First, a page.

In this post, I provide a brief illustration of the problem of overfitting in neural network classification, showing that dense-er is not always better. The ‘Human Activity Recognition’ dataset is used, composed of smartphone accelerometer readings of individuals performing one of six distinct activities.

Overfitting in Neural Network Classification

Data Exploration

Inspecting the data reveals that 561 continuous-valued predictors are available, as well as an ID variable describing the particular individual performing the activity. This latter variable will be omitted, as we are more interested in generalised activity recognition. Conveniently, all of the remaining predictors have already been scaled to lie between −1 and 1.


<class pandas.core.frame.DataFrame>
RangeIndex: 7352 entries, 0 to 7351
Columns: 563 entries, tBodyAcc-mean()-X to Activity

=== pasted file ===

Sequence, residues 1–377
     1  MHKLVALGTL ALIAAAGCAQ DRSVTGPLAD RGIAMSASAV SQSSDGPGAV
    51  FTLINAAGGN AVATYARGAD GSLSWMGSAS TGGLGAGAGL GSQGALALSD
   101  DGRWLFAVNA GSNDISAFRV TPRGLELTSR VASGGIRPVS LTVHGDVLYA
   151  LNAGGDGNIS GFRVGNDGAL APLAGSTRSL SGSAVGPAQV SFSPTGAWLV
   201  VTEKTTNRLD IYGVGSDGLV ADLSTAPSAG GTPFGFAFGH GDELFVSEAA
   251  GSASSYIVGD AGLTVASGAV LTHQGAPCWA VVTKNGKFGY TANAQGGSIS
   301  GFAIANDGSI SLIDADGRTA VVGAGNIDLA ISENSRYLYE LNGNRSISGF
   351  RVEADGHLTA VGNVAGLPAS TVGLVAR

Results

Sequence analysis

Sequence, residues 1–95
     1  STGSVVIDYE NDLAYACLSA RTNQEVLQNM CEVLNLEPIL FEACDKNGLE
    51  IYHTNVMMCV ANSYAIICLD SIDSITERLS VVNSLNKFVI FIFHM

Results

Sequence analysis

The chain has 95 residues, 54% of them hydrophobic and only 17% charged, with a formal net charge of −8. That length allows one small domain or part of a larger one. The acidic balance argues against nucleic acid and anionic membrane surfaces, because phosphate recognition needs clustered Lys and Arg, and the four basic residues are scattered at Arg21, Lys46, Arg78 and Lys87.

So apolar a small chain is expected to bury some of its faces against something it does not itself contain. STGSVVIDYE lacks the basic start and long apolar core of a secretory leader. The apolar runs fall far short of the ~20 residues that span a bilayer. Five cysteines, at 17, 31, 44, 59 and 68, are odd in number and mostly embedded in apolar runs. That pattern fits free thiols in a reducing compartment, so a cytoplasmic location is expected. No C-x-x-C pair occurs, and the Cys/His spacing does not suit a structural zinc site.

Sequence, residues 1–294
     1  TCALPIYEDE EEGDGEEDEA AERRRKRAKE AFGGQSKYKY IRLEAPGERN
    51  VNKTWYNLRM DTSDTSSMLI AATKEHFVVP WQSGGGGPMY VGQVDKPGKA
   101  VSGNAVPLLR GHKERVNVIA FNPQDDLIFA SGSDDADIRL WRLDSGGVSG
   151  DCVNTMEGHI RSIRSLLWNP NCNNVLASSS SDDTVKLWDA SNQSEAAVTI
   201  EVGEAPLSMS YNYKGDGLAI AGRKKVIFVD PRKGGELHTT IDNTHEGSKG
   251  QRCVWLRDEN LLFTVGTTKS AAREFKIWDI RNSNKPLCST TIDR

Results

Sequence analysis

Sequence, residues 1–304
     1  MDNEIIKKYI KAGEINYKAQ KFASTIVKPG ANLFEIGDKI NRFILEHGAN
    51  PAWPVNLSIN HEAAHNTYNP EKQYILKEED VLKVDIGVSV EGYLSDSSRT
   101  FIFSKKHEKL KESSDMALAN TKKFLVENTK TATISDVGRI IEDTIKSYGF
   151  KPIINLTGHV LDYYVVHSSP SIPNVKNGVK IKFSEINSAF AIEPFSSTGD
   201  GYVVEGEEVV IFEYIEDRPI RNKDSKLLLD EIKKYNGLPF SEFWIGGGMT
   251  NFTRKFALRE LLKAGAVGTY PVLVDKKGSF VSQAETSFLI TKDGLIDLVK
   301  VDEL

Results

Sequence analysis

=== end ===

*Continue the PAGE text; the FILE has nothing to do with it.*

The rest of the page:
dtypes: float64(561), int64(1), object(1)
memory usage: 31.6+ MB

We have around 7,300 training datapoints and 3,000 test datapoints. This represents a relatively small dataset, and should render most computation highly feasible.

> print('training dataset size: {}'.format(train_data.shape))
> print('test dataset size: {}'.format(test_data.shape))

training dataset size: (7352, 563)
test dataset size: (2947, 563)

Importantly, the classes are uniformly distributed throughout the data. This will facilitate training, and ensure our model performs equally across all inputs.